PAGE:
UNICEF has been working in Belize since 1954. In 1982, the agency signed a five-year agreement pledging nine million US dollars in support of the government's development plan in five key areas: health, water and sanitation, education, children in especially difficult circumstances, and social development, planning, and monitoring.
In terms of water and sanitation, UNICEF is assisting the government in providing safe water from taps and hand pumps and in the construction of latrines in rural areas. However, UNICEF officials are aware that presence of a tap and latrine is not enough to prevent waterborne diseases. Their operation philosophy is that in the end, the individual's own hygienic behavior is what safeguards his or her health. As a result, UNICEF emphasizes health and sanitation in its programs.
United States Agency for International Development (AID)
The United States, through AID, has channelled support to many sectors in Belize, including the water resources sector. In the water and sanitation subsector, support has been provided to the Improved Productivity Through Better Health (IPTBH) Project. Through this project, drilling equipment was bought, rudimentary water systems were built in the Cayo and Stann Creek Districts, and orientation on the use of behavior change techniques in the provision of health education. Their support to the Ministry of Natural Resources, the Ministry of Agriculture, and the Ministry of Tourism and Environment through the Natural Resource Management and Protection Project, has benefitted the entire water resources sector, even though the project itself is not a water resources project. Through this project, approaches to watershed management have been strengthened, a water quality monitoring program has been developed, a national environmental appraisal committee has been established to review environmental impact assessments, sustainable agricultural practices have been promoted, a national environmental education strategy has been developed, and work is underway to assist in the development of an irrigation strategy.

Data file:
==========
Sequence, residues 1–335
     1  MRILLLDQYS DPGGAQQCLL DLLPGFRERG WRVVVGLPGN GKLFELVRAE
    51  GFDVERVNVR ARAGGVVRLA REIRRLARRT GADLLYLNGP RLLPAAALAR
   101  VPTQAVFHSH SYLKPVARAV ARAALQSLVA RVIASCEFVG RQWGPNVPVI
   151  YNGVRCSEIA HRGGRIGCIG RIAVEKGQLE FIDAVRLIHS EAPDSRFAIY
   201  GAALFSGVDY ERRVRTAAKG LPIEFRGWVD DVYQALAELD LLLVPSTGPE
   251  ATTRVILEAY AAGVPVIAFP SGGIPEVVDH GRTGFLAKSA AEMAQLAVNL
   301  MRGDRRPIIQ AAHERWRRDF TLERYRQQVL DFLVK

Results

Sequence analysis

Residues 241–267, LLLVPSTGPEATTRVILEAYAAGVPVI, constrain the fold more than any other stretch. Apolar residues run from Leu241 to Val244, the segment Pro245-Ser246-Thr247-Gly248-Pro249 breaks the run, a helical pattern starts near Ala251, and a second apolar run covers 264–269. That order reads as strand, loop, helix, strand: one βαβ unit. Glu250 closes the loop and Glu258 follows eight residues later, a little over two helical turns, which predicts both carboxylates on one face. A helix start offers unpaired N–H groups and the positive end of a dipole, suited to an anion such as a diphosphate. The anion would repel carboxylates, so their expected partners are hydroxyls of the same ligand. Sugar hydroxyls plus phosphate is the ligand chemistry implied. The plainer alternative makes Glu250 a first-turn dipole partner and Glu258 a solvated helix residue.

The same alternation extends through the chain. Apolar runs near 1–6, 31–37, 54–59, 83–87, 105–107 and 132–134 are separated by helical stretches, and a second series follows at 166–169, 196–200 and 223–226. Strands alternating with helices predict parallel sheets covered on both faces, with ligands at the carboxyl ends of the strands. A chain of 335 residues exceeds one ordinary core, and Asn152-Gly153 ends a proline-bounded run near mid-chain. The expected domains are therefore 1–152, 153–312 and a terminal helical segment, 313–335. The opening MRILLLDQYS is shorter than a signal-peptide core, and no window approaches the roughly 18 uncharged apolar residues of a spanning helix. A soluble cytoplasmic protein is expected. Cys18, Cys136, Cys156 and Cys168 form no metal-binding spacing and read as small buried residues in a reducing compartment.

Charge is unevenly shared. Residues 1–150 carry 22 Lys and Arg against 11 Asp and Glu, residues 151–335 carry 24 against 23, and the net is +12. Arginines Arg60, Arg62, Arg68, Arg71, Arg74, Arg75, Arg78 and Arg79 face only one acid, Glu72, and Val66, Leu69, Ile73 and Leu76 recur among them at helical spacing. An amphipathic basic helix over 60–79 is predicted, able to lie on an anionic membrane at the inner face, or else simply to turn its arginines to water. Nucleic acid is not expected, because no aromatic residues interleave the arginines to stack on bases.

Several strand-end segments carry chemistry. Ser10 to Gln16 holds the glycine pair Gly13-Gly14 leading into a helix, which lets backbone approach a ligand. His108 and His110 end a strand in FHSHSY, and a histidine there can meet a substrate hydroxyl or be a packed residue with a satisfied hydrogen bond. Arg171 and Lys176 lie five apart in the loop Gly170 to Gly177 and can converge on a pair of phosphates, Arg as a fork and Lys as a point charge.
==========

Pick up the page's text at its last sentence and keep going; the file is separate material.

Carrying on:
More of this kind of support is required if full coverage is to be achieved in the next few years. Unfortunately, AID is winding down all of its activities in Belize. Most of its projects in all sectors will be completed by June 1996 and no new projects are under consideration at this time.
United Nations High Commissioner for Refugees (UNHCR)